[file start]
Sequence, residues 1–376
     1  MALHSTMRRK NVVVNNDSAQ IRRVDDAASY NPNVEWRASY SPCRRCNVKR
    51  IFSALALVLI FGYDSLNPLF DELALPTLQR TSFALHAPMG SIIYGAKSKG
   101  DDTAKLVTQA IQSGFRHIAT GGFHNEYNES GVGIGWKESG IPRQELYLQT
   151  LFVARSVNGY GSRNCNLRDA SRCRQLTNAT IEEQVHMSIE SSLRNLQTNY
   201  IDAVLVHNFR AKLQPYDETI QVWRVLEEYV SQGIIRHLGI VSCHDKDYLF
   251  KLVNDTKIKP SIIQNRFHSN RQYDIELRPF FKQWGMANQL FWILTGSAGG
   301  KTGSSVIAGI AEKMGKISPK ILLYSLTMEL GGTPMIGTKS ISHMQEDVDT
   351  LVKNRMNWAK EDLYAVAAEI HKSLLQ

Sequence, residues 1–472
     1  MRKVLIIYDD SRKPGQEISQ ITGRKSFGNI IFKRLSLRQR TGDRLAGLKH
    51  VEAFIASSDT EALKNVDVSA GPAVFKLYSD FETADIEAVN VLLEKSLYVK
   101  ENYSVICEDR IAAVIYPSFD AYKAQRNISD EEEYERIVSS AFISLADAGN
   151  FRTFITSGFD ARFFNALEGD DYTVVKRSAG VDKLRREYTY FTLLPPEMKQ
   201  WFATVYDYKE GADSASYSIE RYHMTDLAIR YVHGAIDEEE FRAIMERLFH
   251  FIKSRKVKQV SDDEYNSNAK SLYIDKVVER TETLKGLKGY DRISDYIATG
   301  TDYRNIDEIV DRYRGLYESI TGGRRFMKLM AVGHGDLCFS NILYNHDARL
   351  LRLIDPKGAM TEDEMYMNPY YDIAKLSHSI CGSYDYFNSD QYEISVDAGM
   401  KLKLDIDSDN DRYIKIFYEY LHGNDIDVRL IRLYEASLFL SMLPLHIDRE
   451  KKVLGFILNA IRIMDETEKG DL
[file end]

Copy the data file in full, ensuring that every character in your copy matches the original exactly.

Sequence, residues 1–376
     1  MALHSTMRRK NVVVNNDSAQ IRRVDDAASY NPNVEWRASY SPCRRCNVKR
    51  IFSALALVLI FGYDSLNPLF DELALPTLQR TSFALHAPMG SIIYGAKSKG
   101  DDTAKLVTQA IQSGFRHIAT GGFHNEYNES GVGIGWKESG IPRQELYLQT
   151  LFVARSVNGY GSRNCNLRDA SRCRQLTNAT IEEQVHMSIE SSLRNLQTNY
   201  IDAVLVHNFR AKLQPYDETI QVWRVLEEYV SQGIIRHLGI VSCHDKDYLF
   251  KLVNDTKIKP SIIQNRFHSN RQYDIELRPF FKQWGMANQL FWILTGSAGG
   301  KTGSSVIAGI AEKMGKISPK ILLYSLTMEL GGTPMIGTKS ISHMQEDVDT
   351  LVKNRMNWAK EDLYAVAAEI HKSLLQ

Sequence, residues 1–472
     1  MRKVLIIYDD SRKPGQEISQ ITGRKSFGNI IFKRLSLRQR TGDRLAGLKH
    51  VEAFIASSDT EALKNVDVSA GPAVFKLYSD FETADIEAVN VLLEKSLYVK
   101  ENYSVICEDR IAAVIYPSFD AYKAQRNISD EEEYERIVSS AFISLADAGN
   151  FRTFITSGFD ARFFNALEGD DYTVVKRSAG VDKLRREYTY FTLLPPEMKQ
   201  WFATVYDYKE GADSASYSIE RYHMTDLAIR YVHGAIDEEE FRAIMERLFH
   251  FIKSRKVKQV SDDEYNSNAK SLYIDKVVER TETLKGLKGY DRISDYIATG
   301  TDYRNIDEIV DRYRGLYESI TGGRRFMKLM AVGHGDLCFS NILYNHDARL
   351  LRLIDPKGAM TEDEMYMNPY YDIAKLSHSI CGSYDYFNSD QYEISVDAGM
   401  KLKLDIDSDN DRYIKIFYEY LHGNDIDVRL IRLYEASLFL SMLPLHIDRE
   451  KKVLGFILNA IRIMDETEKG DL